hope - Where flowers bloom, so does hope quote @poetryjoy.com

light: illuminating and offering us hope in the darkness

“However late you think you are, however many chances you think you have missed, however many mistakes you feel you have made or talents you think you don’t have, or however far from home and family and God you feel you have traveled, I testify that you have not traveled beyond the reach of divine love. It is not possible for you to sink lower than the infinite light of Christ’s Atonement shines.” ― Jeffrey R. Holland

Illuminating

Just as the soft rays of light
spill down a rock face,
gently probing each surface
when dawn breaks,

slowly illuminating, revealing
its many cracks and crevices,
may the hardened exterior
of my soul respond

to the light of holy love
shining on my flaws, my mistakes
with laser-light precision,
marked by mercy and forgiveness,
handled with so much grace.

And in this slow
awakening, may I not resist
its dart of golden beams
but yield to their inspection,

knowing their purpose
is to lead me deeper into
self-awareness so God can sift
the chaff of my circumstances,

as he notes where risen ears
of wheat might reside among
the tares and sharpest thorns

which require his infinite
tenderness, his wisdom in knowing
what to heal, to keep or reject.
© joylenton

Holy love illuminates our lives, illustrates our need for change, shines with glory and brilliance and offers us Hope in the darkness. God’s light is revealed to us in Christ and in a thousand tiny ways as we go about our daily lives.  May He give us eyes to see it and respond. 🙂 ❤

light - dawn breaking over rocks - illuminating poem excerpt (C) joylenton @poetryjoy.com

light - Anne Frank quote about light - candle - @poetryjoy.com

“Darkness cannot drive out darkness; only light can do that. Hate cannot drive out hate; only love can do that.” ― Martin Luther King, Jr.

interlinked: how mourning and joy are closer than we think

interlinked - how mourning and joy are closer than we think - girl dancing in sunlight @poetryjoy.com

“For everything there is a season. . . . a time to mourn, and a time to dance.” — Ecclesiastes 3:1, 4 NRSV

Interlinked

We mourn,
thinking we might never
rediscover joy, never
laugh or dance again,

but we are wrong
because they are all
interlinked, entwined

parts of one another,
shared segments
of our soul’s deepest needs.

While we weep
we also prepare
to dance, to feast,

although it doesn’t
necessarily cross our minds
that one could follow on,
like day follows night,

or be the shadow of the other
as we try to hold these
disparate thoughts together.

Even here,
even now, when grief needs
closure, there are glimmers,

conjoined glimpses of hope
which support and enable
us to look up,

to go on with courage,
because a slight lifting
of lockdown might signal
a slow return to peace.
(C) joylenton

interlinked - woman watching the waves - poem excerpt (C) joylenton @poetryjoy.com

Once we return to a semblance of normality in our nations, our “ordinary” might feel scarily different but it will have a fresh lustre and glow of grace about it too. Because we are limited in what we can do now, we appreciate the joyful, sacrosanct and sacred moments that exist and long to keep them fixed in our hearts.

“Mourning and dancing, grief and laughter, sadness and gladness—they belong together as the sad-faced clown and the happy-faced clown, who make us both cry and laugh. Let’s trust that the beauty of our lives becomes visible where mourning and dancing touch each other.” — Henri Nouwen, in Faith That Matters: 365 Devotions from Classic Christian Leaders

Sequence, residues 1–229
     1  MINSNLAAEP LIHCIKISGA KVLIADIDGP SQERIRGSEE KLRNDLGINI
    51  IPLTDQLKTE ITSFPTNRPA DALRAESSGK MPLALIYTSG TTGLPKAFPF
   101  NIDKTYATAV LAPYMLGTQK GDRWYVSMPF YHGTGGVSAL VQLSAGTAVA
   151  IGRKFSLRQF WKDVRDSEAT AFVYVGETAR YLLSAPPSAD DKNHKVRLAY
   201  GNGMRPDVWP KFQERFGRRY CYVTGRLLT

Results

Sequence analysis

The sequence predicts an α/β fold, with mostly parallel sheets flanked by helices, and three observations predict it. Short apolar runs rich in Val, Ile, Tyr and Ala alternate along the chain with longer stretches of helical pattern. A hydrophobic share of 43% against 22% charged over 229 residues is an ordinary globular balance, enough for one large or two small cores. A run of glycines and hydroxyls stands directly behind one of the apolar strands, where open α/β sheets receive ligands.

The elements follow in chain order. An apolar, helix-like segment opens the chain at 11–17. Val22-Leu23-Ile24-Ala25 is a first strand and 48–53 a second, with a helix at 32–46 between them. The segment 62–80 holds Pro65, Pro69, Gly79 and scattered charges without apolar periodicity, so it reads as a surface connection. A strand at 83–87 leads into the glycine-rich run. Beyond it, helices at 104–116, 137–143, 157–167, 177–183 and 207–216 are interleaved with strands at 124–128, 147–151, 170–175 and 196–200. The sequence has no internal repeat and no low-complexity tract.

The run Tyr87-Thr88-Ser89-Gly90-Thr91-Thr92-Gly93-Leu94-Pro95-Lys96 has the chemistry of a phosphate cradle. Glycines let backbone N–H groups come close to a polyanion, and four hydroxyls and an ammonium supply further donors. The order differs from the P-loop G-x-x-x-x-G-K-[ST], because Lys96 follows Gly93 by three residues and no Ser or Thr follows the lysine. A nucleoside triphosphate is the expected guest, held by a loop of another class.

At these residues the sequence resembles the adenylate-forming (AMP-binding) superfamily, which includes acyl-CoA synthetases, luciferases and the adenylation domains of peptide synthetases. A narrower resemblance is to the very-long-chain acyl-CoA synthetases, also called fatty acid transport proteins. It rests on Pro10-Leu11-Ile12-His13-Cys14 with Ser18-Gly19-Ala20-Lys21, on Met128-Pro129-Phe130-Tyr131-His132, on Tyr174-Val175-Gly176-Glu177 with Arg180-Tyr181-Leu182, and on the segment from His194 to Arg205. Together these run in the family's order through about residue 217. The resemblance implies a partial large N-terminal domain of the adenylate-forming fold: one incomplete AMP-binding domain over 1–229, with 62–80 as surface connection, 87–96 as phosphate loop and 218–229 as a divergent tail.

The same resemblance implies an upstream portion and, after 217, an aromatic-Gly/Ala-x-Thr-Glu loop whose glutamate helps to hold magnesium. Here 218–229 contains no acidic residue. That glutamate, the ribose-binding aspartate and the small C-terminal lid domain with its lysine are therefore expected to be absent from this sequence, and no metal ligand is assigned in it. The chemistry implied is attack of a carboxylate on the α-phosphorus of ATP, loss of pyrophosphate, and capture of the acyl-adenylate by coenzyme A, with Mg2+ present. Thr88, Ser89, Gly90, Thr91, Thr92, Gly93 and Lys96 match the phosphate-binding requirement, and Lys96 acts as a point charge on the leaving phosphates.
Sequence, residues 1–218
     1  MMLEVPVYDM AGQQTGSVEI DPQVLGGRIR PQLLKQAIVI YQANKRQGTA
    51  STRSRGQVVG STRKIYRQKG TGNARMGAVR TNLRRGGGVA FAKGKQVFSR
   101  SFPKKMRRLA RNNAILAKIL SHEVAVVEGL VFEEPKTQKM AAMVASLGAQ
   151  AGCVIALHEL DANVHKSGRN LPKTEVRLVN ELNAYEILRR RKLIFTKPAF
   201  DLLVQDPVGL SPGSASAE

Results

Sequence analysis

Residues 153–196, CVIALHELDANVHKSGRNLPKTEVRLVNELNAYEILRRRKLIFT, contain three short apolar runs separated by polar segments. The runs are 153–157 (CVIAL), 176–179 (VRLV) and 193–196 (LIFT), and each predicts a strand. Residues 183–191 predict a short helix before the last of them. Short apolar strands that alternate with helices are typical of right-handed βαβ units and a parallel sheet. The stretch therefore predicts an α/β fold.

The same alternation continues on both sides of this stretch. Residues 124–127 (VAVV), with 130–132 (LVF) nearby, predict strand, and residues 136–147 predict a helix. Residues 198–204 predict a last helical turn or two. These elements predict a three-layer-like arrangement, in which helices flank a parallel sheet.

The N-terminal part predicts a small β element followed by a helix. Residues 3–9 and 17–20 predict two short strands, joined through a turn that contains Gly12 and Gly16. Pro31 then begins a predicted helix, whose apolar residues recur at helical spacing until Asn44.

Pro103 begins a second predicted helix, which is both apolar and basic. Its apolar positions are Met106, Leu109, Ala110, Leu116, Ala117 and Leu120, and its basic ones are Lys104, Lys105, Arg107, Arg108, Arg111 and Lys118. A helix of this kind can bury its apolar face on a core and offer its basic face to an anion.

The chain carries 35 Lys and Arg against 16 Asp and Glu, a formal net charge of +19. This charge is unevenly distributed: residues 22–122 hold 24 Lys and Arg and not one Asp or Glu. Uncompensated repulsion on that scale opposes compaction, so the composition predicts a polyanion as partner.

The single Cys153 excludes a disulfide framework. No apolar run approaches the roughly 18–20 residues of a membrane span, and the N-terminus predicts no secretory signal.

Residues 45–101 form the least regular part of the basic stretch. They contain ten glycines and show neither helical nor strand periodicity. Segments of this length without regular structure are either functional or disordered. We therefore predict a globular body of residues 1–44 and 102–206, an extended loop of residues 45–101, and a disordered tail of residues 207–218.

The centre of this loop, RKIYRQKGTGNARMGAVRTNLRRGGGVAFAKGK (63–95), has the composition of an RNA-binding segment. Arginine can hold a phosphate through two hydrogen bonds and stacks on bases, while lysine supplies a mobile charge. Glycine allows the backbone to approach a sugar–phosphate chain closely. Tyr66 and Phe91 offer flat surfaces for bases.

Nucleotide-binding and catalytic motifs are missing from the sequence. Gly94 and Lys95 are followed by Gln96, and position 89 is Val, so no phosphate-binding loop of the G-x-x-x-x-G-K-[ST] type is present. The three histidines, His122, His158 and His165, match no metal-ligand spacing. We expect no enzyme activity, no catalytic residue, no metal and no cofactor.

Maybe we will dance in our hearts or gardens, if not in the streets. Like a butterfly being joyfully released to fly freely, instead of being restrained and shut away, confined to a limited environment, mourning the freedom it has lost.

A lingering sadness and wariness will exist because so much has changed, so many lives have been cut painfully short, so many of us are in a prolonged recovery mode. We will need faith and trust to carry us through the days of difference that lie ahead.

“I have told you all this so that you will have peace of heart and mind. Here on earth you will have many trials and sorrows; but cheer up, for I have overcome the world.” — John 16:33 TLB

Where are you seeing glimpses of joy during these unsettled times? What makes your heart sing or helps keep you comforted and calm? 🙂 ❤

hope: listening for the sound of hope in your soul

hope - blackbird singing on a tree - listening for the sound of hope in your soul @poetryjoy.com

“Hope is the thing with feathers that perches in the soul and sings the tune without the words — And never stops at all.” — Emily Dickinson

Notes of hope

A blackbird’s throaty warble
rises above the voices
on the street, making conversation

because we’re all hungry
for company, for solace,
even at two metres apart.

But I’m listening more
to the notes of hope and joy,
bringing a reminder
that this too shall pass,

time will move on as it
always does, and we will return
to a new normality at last.

My solitary blackbird
friend has no soul companions
but it doesn’t deter him

from belting out his song,
from shrugging off the sadness
because he’s on his own.

He is staying put—for now,
to bring cheer to our hearts,
hope for the housebound
and isolated, while he sings

of spring, of life and birth, burgeoning
earth, of newness, of growth and hope
continuing beyond this moment.
© joylenton

hope - blackbird on a garden fence - notes of hope poem excerpt (C) joylenton @poetryjoy.com

“Never be afraid to trust an unknown future to a known God.” — Corrie Ten Boom

calm: practising gratitude during the pandemic

What if we refused to join in with the grumbles, moans and complaints on the internet and other place during the pandemic, even in our own homes, perhaps? We could choose to keep calm, encourage others, and speak of hope, faith and love in adverse circumstances.

How can we best support our souls during these stressful and strange Covid-19 days? Maybe by enjoying the little things: feed our faith, practise gratitude, aim to savour extra time with our loved ones, rest for our health’s sake, maintain our creativity, and withdraw from information overload and overwhelm.